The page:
Feeding the nation in times of crisis: the relaxation of competition law in the United Kingdom

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jats:pIn order to respond to the COVID-19 pandemic it has been recognized universally that cooperation between competitors will be necessary. It is also recognized that some of the cooperation contemplated will infringe competition law. A number of techniques are available by which conduct that infringes competition law can escape prohibition. Two techniques used have been to issue guidance on how the competition authority understands the law to apply and to articulate how it will exercise its discretion when deciding to take enforcement action. The combination of these two techniques provides a degree of comfort. In the United Kingdom, the government has gone further by identifying necessary cooperation and excluding such cooperation from competition law on grounds of public policy, in one instance for those in the groceries supply chain. The use of an exclusion order means that there is political accountability for the consequences the decision to set aside competition law will have, both for competitors, others in the supply chain, and for different consumer groups. For parties to excluded agreements, there is certainty ex ante that the cooperation is immune from competition challenge. Avoiding the need to assess the compatibility of an agreement with competition law, rather than permission to engage in incompatible behaviour, can be seen as the real value of the public policy exclusion order granted in relation to groceries.</jats:p>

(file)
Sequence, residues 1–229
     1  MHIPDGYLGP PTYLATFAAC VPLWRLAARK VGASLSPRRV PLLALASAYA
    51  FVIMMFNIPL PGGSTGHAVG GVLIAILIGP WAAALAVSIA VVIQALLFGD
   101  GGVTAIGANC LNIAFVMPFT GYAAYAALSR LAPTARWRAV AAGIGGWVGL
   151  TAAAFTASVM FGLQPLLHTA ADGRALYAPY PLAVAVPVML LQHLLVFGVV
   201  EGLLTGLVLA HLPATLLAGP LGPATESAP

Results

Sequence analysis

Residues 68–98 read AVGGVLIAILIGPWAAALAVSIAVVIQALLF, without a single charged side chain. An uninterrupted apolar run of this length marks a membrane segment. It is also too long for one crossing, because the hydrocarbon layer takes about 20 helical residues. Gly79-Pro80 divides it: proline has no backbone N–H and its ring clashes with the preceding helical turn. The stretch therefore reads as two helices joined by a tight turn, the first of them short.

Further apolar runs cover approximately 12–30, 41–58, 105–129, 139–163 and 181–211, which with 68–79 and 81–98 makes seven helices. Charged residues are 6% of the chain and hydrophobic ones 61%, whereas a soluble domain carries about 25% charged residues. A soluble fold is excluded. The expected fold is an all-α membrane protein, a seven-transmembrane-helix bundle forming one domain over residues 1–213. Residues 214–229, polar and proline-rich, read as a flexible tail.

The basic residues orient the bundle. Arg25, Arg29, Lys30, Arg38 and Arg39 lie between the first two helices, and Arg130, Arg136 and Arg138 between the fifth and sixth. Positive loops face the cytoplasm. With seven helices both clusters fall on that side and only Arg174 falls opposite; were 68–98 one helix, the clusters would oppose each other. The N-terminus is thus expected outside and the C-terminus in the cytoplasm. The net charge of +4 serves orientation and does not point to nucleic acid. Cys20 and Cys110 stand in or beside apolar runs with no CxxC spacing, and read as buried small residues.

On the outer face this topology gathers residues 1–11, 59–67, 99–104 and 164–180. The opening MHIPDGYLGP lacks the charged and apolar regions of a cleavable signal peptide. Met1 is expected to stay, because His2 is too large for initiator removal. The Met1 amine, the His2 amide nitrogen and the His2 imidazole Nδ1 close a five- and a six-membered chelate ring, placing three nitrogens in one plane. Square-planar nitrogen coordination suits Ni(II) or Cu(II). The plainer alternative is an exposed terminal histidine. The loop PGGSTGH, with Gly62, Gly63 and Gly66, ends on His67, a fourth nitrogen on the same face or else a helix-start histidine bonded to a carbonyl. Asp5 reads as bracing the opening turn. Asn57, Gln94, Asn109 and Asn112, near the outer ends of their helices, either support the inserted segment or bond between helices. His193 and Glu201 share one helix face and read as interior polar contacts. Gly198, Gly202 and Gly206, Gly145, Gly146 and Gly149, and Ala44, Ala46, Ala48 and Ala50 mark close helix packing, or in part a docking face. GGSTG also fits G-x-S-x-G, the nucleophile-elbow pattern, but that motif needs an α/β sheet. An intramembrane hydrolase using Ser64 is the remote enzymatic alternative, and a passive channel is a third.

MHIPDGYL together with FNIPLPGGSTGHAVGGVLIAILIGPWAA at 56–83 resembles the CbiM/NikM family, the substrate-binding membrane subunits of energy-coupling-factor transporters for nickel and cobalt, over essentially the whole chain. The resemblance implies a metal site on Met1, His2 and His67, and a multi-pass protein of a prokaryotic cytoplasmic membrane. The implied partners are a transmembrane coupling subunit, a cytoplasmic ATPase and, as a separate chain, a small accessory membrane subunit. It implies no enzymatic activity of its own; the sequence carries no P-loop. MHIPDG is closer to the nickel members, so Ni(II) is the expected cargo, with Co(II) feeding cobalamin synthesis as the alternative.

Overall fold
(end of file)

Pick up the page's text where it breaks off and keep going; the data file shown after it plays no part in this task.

4801 Commercial Law, 48 Law and Legal Studies, 4806 Private Law and Civil Obligations
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Competition Law Journal
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Edward Elgar Publishing
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